PIKETON, Ohio (AP) — Investigators are operating under the theory that there were multiple attackers in the slayings of eight people from one Ohio family, authorities confirmed Thursday after months of noting that was a possibility.
Local and state investigators have released few details about the April shootings near Piketon, saying they don't want to jeopardize chances of catching and convicting whoever's responsible.
Offering just the slightest bit more detail Thursday, a spokesman for Ohio's Attorney General Mike DeWine confirmed to The Associated Press that investigators are working with the theory that it wasn't a single attacker.
Pike County Sheriff Charles Reader also referenced the suspicion of multiple "killers" Thursday while testifying in a court hearing related to custody of two of the three young children who weren't harmed in the attack, The Columbus Dispatch reported. Speaking in support of closing those proceedings to the public, Reader said he believes the children are still in danger and worries that making information about them public would amplify that.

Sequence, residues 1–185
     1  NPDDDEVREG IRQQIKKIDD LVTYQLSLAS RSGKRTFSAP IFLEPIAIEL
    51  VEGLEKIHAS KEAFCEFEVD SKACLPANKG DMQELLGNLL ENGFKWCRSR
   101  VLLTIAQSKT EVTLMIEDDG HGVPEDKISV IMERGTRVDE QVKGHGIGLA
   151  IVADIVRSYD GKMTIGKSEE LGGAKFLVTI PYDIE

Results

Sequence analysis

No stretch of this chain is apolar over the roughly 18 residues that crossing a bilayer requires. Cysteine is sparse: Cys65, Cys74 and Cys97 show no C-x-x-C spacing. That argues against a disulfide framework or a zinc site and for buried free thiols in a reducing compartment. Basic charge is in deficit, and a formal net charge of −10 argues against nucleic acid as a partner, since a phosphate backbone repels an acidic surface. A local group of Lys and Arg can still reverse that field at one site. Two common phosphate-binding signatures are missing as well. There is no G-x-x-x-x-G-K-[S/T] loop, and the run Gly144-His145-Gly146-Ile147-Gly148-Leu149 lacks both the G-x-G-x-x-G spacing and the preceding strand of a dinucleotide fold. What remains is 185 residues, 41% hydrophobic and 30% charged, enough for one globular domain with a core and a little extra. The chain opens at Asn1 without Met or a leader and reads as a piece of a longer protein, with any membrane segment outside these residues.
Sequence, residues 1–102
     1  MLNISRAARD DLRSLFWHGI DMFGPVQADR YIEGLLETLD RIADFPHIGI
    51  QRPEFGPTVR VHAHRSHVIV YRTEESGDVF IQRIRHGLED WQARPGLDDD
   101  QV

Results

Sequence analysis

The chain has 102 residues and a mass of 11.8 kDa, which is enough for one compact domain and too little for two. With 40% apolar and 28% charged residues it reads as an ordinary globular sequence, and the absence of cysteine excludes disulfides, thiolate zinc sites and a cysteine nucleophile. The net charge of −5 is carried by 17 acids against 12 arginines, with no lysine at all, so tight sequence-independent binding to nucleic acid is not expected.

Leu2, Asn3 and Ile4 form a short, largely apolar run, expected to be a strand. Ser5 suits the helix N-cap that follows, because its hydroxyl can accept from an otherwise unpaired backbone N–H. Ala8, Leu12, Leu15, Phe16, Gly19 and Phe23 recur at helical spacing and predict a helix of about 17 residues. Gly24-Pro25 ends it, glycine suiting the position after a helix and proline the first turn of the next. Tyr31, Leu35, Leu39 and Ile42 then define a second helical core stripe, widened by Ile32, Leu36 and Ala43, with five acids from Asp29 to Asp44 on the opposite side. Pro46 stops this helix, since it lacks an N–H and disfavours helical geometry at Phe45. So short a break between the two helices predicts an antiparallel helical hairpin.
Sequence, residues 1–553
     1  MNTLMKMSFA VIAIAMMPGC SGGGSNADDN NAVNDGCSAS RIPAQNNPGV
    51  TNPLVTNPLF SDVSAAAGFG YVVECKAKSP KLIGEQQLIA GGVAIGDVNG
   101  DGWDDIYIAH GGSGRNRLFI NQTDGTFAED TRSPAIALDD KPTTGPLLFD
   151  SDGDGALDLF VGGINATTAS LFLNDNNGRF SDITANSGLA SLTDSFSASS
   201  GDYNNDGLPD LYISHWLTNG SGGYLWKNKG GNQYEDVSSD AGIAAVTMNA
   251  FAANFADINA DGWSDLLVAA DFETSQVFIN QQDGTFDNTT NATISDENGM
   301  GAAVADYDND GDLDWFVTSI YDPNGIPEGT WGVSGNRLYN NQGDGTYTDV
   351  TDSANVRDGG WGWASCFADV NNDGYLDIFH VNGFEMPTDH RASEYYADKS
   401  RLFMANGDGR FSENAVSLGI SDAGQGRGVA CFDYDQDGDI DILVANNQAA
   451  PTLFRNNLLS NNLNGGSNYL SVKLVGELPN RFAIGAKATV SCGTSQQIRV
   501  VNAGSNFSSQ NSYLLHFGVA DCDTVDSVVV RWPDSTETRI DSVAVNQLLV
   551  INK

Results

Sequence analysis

Seven adults and a teenage boy from the Rhoden family were found dead at four homes on April 22. A coroner determined all but one of the victims had been shot repeatedly, and some had bruising.
DeWine has said the top-priority case might be the biggest in the Ohio Bureau of Criminal Investigation's history in terms of manpower and resources.
A $10,000 reward is being offered for information leading to an arrest and conviction.
The victims were 40-year-old Christopher Rhoden Sr.; his ex-wife, 37-year-old Dana Rhoden; their three children, 20-year-old Clarence "Frankie" Rhoden, 16-year-old Christopher Rhoden Jr. and 19-year-old Hanna Rhoden; Frankie Rhoden's fiancee, 20-year-old Hannah Gilley; Christopher Rhoden Sr.'s brother, 44-year-old Kenneth Rhoden; and a cousin, 38-year-old Gary Rhoden.